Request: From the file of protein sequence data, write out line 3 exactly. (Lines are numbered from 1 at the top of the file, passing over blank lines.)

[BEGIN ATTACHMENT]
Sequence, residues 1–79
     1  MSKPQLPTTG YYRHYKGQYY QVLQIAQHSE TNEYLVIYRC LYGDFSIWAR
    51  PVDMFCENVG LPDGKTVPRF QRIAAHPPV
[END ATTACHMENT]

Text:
    51  PVDMFCENVG LPDGKTVPRF QRIAAHPPV